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Abstract. This article extends and improves work on tableaubased decision methods for hybrid logic by Bolander and Braüner [5]. Their paper gives tableaubased decision procedures for basic hybrid logic (with unary modalities) and the basic logic extended with the global modality. All their proof procedures make use of loopchecks to ensure termination. Here we take a closer look at termination for hybrid tableaus. We cover both types of system used in hybrid logic: prefixed tableaus and internalised tableaus. We first treat prefixed tableaus. We prove a termination result for the basic language (with nary operators) that does not involve loopchecks. We then successively add the global modality and nary inverse modalities, show why various different types of loopcheck are required in these cases, and then reprove termination. Following this we consider internalised tableaus. At first sight, such systems seem to be more complex. However we define a internalised system which terminates without loopchecks. It is simpler than previously known internalised systems (all of which require loopchecks to terminate) and simpler than our prefix systems (no nonlocal side conditions on rules are required).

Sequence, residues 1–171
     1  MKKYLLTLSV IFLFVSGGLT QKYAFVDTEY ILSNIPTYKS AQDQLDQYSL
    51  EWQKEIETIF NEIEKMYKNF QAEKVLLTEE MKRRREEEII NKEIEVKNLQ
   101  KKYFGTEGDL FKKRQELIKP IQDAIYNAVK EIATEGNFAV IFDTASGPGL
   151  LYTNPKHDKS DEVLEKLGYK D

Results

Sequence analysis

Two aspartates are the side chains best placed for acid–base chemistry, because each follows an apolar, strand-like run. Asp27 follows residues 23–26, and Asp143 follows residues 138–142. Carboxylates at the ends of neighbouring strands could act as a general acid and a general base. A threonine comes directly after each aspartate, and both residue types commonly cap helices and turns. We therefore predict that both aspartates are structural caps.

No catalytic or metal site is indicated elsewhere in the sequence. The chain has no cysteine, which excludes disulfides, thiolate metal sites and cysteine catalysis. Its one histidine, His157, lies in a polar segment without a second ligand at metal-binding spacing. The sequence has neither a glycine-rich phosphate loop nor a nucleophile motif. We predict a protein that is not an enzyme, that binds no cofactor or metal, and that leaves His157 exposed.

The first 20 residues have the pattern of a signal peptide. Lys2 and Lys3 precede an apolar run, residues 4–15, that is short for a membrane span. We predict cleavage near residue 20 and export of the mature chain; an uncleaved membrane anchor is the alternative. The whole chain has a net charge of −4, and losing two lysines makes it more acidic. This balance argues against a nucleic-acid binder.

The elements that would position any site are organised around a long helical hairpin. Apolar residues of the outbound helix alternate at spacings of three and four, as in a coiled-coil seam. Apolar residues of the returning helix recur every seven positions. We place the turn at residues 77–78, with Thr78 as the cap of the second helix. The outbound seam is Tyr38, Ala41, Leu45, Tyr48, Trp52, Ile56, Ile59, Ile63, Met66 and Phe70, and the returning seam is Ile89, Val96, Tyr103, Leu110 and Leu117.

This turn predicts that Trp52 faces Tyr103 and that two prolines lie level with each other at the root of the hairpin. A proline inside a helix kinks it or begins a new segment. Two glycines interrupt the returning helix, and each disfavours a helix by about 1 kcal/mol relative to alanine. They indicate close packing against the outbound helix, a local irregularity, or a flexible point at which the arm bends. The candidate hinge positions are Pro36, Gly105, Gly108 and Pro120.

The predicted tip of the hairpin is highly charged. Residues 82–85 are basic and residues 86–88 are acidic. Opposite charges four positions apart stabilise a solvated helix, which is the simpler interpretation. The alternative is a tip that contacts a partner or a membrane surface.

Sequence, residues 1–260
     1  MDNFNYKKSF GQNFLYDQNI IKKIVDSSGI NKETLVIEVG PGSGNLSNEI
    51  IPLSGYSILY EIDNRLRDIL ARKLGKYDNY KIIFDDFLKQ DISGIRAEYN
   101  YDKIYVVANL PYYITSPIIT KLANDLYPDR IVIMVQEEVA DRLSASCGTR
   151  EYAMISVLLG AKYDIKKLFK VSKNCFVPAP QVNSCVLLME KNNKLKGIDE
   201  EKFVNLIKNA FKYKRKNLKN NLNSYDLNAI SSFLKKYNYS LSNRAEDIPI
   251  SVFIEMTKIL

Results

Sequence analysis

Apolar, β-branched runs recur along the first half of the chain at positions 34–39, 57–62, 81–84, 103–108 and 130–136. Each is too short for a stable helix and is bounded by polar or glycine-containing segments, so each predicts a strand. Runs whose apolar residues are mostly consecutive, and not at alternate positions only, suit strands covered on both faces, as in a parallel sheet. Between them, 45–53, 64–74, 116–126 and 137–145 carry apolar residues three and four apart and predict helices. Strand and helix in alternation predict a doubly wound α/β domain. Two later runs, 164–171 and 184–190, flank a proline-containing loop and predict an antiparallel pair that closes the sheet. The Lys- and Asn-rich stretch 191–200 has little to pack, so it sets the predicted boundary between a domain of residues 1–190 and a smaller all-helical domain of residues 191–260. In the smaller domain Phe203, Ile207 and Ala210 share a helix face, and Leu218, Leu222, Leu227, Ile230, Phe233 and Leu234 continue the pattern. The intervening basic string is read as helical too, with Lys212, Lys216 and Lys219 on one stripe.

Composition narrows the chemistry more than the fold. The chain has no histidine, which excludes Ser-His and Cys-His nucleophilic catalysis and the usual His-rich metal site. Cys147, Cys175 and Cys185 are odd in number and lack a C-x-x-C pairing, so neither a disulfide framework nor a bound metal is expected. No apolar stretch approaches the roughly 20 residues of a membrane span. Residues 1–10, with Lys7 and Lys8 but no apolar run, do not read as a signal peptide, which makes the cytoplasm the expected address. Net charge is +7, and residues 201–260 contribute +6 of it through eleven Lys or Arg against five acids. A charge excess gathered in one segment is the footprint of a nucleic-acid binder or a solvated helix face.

Logics of Metric Spaces
, 2001
"... This paper investigates the expressive power and computational properties of languages designed for speaking about distances. `Distances' can be induced by difAuthors Addresses: Oliver Kutz, Frank Wolter, Institut fur Informatik, Abteilung intelligente Systeme, Universitat Leipzig, AugustusPla ..."
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Cited by 34 (25 self)